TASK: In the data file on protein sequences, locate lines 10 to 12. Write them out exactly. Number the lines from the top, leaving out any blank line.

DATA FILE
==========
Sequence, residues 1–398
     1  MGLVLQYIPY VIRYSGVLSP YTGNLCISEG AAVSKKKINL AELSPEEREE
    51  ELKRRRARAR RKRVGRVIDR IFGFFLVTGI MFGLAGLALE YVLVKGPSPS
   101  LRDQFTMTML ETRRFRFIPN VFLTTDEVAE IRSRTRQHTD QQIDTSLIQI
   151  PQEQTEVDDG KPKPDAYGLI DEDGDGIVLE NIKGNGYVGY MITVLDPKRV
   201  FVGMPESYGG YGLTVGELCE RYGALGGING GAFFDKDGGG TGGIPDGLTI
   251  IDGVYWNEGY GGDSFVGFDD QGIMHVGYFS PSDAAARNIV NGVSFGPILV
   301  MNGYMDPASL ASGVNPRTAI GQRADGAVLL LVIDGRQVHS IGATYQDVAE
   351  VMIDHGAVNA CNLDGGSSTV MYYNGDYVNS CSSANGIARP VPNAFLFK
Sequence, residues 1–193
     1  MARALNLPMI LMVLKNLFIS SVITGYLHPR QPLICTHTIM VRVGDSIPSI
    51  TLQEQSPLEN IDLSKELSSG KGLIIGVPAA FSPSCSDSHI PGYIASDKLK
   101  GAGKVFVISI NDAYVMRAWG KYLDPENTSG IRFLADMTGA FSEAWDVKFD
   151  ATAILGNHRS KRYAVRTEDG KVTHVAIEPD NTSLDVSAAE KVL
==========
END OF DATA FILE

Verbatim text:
Sequence, residues 1–193
     1  MARALNLPMI LMVLKNLFIS SVITGYLHPR QPLICTHTIM VRVGDSIPSI
    51  TLQEQSPLEN IDLSKELSSG KGLIIGVPAA FSPSCSDSHI PGYIASDKLK